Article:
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Real Democracy?
Iraqi Politicians Debate Changing System That Kept Parliament Peaceful For Years

Mustafa Habib
Iraq’s democracy doesn’t work like others. It's based on a quota system that says offices will be distributed between sectors of the population. Politicians are debating whether it’s time for a real change.
29.03.2018
The quota in action, from left to right: Shiite PM, Kurdish president, Sunni speaker of the house.
The quota in action, from left to right: Shiite PM, Kurdish president, Sunni speaker of the house.

As the elections near, the debate about whether to do away with Iraq’s unofficial quota system for representation has surfaced yet again.

In mid-March, the Iraqi prime minister, Haider al-Abadi, said during a speech in Baghdad that he would prefer that the quota system was used and consensus built in that way. On the same day, his fellow party member and still a rival for the job of prime minister, Nouri al-Maliki, told a meeting of tribal leaders that he would prefer to do away with the quota system. He preferred that decisions be made about who governs the country, and how top jobs are given out, by whomever the majority voted for.

in Iraq people don’t consider themselves Iraqis. They identify first as part of a certain religious sect or ethnic group. 

Although it has never been written into Iraqi law, the country has been run according to the quota system for years now. It involves a system that was created by US administrators as they set up the country’s new government after the 2003 US-led invasion that toppled Iraqi leader, Saddam Hussein. In order to avoid sectarian infighting among politicians, the US administrators, led by Paul Bremer, thought it best to split the most important positions in Iraq’s new Parliament between the three major ethnic and sectarian groups in the country; that is, the Sunni Muslims, Shiite Muslims and Iraqi Kurdish.

Traditionally this has meant that the Kurds always get the post of Iraqi president, the Shiite Muslims always get the prime minister’s job and the Sunni Muslims get the Speaker of Parliament position.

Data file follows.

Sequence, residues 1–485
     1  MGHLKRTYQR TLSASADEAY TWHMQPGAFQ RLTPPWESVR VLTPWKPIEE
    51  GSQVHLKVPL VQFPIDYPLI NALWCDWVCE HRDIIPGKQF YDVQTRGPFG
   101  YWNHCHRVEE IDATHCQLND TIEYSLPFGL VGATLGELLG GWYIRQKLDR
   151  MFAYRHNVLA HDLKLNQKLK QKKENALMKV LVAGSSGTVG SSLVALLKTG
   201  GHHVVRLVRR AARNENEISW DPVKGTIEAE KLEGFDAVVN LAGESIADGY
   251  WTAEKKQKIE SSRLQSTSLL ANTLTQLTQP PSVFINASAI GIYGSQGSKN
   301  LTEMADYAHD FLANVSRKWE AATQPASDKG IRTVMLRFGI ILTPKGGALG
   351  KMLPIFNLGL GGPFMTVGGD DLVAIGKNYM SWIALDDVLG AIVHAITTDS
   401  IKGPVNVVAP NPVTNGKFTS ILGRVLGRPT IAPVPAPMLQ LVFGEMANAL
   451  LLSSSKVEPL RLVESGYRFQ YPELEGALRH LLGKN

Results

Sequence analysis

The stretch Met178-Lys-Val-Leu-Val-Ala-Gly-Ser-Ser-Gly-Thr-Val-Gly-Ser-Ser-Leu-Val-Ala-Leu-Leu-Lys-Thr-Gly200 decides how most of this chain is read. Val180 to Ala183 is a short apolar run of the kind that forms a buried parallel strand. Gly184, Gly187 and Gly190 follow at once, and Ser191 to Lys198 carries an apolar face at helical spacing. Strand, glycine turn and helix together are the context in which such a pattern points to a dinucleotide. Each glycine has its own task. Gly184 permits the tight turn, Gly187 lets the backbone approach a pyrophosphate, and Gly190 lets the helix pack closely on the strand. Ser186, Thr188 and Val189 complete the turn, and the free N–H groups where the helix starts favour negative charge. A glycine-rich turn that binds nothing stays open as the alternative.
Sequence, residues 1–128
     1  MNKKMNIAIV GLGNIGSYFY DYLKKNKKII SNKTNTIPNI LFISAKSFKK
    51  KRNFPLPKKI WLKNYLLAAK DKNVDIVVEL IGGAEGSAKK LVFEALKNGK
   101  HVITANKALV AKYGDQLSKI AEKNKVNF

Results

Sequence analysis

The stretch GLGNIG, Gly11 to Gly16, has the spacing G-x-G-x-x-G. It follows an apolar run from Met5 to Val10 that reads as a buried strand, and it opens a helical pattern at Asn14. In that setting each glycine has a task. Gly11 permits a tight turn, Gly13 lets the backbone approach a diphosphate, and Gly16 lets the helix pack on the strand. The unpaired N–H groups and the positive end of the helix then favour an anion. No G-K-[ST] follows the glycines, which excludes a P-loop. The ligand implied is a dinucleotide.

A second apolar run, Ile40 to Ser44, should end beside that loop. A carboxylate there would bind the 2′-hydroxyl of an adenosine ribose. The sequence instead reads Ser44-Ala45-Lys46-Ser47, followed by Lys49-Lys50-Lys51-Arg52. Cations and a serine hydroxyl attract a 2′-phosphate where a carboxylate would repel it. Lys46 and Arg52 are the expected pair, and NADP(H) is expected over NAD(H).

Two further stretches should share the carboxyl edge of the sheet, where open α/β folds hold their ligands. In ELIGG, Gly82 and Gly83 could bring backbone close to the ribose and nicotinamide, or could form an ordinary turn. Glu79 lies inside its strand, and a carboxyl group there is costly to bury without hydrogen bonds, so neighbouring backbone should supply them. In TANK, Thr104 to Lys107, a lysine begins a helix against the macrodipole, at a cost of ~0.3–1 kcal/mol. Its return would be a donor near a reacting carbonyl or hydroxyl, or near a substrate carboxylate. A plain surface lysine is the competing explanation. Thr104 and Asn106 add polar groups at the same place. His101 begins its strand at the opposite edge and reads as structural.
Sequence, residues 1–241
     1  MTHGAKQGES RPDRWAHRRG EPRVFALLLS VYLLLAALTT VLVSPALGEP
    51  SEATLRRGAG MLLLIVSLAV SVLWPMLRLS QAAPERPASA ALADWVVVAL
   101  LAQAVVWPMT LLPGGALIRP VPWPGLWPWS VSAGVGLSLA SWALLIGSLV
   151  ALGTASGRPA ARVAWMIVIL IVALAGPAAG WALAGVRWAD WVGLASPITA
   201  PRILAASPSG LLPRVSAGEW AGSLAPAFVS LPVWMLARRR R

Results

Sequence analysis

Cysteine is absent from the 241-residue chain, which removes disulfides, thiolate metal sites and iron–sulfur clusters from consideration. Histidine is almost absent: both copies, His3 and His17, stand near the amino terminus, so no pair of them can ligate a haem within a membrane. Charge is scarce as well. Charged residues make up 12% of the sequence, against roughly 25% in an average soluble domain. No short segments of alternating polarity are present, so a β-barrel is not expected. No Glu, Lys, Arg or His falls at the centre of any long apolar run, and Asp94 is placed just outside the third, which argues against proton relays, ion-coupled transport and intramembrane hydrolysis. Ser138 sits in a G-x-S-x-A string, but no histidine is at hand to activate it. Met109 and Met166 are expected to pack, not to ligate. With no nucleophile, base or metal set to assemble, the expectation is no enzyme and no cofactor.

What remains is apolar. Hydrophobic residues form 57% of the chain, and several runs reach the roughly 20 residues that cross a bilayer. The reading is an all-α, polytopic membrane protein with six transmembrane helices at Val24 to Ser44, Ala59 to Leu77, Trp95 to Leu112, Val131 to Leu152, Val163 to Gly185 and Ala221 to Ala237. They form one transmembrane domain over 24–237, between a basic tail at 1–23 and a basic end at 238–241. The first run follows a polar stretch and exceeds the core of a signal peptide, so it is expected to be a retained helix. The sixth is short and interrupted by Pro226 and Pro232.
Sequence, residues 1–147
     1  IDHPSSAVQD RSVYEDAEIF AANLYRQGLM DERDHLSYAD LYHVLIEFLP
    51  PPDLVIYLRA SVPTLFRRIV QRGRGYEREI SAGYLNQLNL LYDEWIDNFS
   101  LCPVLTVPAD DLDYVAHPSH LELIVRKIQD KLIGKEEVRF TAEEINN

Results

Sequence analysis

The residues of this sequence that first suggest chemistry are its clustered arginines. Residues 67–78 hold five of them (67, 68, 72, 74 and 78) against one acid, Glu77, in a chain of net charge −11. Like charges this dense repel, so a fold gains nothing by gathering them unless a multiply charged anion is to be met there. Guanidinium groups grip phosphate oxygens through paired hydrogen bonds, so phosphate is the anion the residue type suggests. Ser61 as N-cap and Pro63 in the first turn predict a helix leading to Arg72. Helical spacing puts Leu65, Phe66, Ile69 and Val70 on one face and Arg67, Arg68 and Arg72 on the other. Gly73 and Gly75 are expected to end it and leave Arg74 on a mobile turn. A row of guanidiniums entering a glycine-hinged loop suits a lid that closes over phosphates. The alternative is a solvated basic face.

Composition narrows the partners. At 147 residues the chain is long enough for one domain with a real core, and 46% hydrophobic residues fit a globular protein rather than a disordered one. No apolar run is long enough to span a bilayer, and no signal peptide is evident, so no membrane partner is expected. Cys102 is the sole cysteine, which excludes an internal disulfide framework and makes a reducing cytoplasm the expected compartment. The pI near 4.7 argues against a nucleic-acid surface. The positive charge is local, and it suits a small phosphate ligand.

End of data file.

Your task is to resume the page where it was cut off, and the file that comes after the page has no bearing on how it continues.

Over time though, many analysts believe this practice has come to hamper Iraqi democracy, with leaders being picked for their sect or ethnicity, rather than on merit.

This debate is not just one being contested by al-Abadi and his rival, former prime minister, al-Maliki.

“We should be clear. The quota system has been a failure for ruling this country,” Mansour al-Baiji, an MP for the major Shiite coalition, told NIQASH. “Everyone knows that corruption spreads under this system, because parliament can never question any corrupt individuals, because all the different groups are participating in parliament.”

By this, he means that if anyone is ever indicted, their party will protect them.

A system where those who got the most votes, got the plum jobs, would be the best solution, al-Baiji argues. The political scene in Iraq has evolved over the past few years and could now handle a system not informed by sectarian or ethnic divisions, he suggests.  

There are several senior figures who support the idea of moving away from the quotas. This includes cleric and political leader, Ammar al-Hakim, who recently formed a new party and wants a fresh start for Iraqi politics, as well as Sunni Muslim leader, Osama al-Nujaifi.

Meanwhile al-Abadi also has powerful allies who prefer to stick with the quota system, including the cleric Muqtada al-Sadr, who came out in favour of it last Thursday.